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Solid-Vapor Sorption Refrigeration Systems
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Complex compound sorption reactions are ideally suited for use in refrigeration cycles as an economically viable alternative to CFC refrigerants. Complex compound refrigeration provides a number of energy-saving advantages over present refrigeration systems beyond the elimination of CFCs. The elimination of moving parts in complex compound equipment lowers maintenance cost. Also, when ammonia is used as the refrigerant, the replacement of the compressor by the complex compound allows for direct modular integration into existing refrigeration plants. The availability of waste heat at a user's site allows for the further potential of substantially reduced energy costs. To use complex compounds in a commercial refrigeration cycle, several criteria must be met: 1. Practical reaction rates must be achievable with economical heat exchanger hardware. 2. Reactions must proceed without the need for excessive driving temperatures or large pressure differences. 3. A significant fraction of the coordination sphere of the complex compound (refrigerant sorption capacity) must be useable. 4. The compounds must be stable and the adsorption/desorption must be repeatable over a large number of cycles. 5. Compounds with appropriate vapor pressures for the particular refrigeration temperature must be available. Recent investigations conducted at Rocky Research on the reactivities, coordination, vapor pressure, stability, availability, and cycleability of a large number of complex compounds have shown that, through the use of proprietary heat exchanger configurations, all of these criteria can readily be met. We have achieved rates of reaction which are nearly an order of magnitude faster than have been reported using conventional means employed in zeolite and activated carbon cycles. Reaction rates have been measured for refrigeration cycles down to -70°F and found to be satisfactory for commercial use. The achievement of refrigeration at almost any desired firing-reject-cooling temperature combination is possible either through proper selection of the complex compound or through staging of several complex compounds. Cost estimates show appreciable savings over electric drive systems, the savings increasing as the refrigeration temperature is lowered. In this paper we present data for a single effect complex compound refrigeration cycle. Realistic estimates of COP, first cost, operating costs, and payback time are made for a typical commercial installation.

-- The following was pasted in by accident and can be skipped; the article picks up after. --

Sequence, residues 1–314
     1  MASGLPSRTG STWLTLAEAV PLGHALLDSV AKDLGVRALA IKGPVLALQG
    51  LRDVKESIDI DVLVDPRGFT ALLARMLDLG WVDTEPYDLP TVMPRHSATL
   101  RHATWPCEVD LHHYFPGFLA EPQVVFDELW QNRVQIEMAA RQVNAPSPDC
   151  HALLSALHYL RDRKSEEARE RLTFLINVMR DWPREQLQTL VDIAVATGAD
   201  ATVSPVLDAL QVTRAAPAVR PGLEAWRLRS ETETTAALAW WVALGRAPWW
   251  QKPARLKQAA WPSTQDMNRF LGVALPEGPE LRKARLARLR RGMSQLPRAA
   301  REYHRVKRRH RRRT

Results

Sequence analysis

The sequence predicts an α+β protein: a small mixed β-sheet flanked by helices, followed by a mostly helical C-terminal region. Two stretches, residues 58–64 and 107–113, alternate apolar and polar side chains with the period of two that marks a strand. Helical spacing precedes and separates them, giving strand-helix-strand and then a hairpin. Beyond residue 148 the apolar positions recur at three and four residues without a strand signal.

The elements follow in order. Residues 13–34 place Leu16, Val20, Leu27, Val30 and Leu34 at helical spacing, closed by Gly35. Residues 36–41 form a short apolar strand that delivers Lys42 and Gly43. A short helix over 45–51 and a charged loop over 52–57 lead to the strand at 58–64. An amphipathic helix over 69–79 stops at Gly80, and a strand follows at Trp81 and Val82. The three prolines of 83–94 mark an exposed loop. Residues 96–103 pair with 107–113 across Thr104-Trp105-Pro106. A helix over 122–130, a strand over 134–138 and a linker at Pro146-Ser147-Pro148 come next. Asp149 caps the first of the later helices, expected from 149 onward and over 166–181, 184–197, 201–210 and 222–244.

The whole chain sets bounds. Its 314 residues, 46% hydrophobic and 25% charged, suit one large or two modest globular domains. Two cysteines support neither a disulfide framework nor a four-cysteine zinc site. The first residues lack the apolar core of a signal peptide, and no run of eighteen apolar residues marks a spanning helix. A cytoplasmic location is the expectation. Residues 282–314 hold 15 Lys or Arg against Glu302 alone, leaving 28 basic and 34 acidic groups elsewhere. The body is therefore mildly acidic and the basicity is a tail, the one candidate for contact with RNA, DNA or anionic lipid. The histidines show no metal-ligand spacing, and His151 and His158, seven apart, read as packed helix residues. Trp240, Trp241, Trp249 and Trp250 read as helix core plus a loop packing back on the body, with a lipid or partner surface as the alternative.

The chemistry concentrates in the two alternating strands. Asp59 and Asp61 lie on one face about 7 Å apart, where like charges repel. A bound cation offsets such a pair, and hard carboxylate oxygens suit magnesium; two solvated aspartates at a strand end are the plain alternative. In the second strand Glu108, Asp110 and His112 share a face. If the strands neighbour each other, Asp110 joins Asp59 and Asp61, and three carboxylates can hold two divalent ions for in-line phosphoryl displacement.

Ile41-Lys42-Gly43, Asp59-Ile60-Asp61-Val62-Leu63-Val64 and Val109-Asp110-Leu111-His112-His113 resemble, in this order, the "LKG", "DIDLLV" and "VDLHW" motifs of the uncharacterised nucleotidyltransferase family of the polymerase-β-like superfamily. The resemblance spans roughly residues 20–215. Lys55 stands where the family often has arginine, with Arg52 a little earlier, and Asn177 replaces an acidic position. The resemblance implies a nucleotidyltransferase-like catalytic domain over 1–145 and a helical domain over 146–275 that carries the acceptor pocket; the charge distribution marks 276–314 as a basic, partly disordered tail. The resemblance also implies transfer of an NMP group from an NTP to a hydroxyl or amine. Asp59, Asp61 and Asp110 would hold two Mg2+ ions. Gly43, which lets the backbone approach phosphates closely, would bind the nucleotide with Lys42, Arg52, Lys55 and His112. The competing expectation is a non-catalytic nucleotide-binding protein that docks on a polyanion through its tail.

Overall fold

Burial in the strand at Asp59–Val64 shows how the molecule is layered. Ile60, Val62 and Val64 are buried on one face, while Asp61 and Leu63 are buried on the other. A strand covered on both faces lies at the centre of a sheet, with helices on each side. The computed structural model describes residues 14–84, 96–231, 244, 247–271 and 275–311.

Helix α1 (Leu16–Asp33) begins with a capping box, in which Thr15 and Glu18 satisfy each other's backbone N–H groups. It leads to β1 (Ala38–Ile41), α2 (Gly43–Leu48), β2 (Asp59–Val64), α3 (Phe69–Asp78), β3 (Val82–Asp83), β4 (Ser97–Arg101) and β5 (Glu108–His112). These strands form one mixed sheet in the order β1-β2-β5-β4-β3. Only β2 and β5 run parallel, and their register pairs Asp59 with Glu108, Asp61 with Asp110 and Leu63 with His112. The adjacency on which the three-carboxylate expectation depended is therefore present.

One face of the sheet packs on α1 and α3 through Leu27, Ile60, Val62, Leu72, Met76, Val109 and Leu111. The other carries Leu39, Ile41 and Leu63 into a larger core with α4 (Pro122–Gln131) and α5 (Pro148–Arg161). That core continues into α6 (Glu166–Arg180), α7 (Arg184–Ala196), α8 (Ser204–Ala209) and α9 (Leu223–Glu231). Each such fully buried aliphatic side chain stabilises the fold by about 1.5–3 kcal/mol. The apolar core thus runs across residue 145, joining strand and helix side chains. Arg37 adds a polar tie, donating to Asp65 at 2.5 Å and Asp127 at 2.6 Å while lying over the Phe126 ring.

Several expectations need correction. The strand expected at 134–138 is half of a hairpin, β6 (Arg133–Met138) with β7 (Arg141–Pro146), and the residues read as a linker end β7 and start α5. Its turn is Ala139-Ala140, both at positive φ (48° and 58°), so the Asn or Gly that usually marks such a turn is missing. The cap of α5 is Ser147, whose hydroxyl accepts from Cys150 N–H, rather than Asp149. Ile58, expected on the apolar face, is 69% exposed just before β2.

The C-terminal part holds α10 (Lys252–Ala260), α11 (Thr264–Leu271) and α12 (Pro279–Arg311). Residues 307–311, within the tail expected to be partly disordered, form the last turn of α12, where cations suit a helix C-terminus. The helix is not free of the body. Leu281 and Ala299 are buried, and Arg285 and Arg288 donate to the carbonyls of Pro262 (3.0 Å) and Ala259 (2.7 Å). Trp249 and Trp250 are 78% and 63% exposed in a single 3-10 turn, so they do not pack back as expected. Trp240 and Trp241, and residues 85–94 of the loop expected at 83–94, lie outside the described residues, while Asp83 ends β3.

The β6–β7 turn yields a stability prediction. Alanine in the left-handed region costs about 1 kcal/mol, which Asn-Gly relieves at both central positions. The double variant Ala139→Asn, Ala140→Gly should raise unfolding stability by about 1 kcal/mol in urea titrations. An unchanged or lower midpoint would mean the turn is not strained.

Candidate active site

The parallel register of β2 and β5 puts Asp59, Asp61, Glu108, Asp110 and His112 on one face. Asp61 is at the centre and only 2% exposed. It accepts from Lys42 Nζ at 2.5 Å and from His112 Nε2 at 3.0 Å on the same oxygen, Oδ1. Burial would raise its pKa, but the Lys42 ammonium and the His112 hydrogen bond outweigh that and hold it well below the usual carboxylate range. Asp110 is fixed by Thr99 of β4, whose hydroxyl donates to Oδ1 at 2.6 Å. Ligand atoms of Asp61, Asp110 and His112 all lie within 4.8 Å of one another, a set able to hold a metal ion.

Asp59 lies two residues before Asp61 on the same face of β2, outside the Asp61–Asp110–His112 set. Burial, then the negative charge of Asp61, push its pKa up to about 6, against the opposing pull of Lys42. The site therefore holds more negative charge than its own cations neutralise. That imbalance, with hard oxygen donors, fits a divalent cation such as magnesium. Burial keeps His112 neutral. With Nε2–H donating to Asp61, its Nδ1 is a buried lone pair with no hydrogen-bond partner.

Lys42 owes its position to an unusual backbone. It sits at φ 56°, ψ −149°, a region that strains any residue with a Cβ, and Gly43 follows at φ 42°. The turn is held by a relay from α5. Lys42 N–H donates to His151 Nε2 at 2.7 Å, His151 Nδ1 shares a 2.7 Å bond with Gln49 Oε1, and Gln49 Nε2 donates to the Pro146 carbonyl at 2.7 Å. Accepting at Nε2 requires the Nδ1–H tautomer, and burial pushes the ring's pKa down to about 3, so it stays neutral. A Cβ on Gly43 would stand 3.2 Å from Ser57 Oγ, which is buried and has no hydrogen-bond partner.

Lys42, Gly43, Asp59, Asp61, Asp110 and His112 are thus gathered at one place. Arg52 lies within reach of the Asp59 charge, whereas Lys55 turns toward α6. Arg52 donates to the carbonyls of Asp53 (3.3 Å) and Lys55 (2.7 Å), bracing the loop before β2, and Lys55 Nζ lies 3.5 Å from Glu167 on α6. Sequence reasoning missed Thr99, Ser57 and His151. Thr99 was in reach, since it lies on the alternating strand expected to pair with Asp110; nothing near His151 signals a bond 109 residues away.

Graebel, W.; Rockenfeller, U.; Kirol, L. (1991). Solid-Vapor Sorption Refrigeration Systems. Energy Systems Laboratory (http://esl.eslwin.tamu.edu). Available electronically from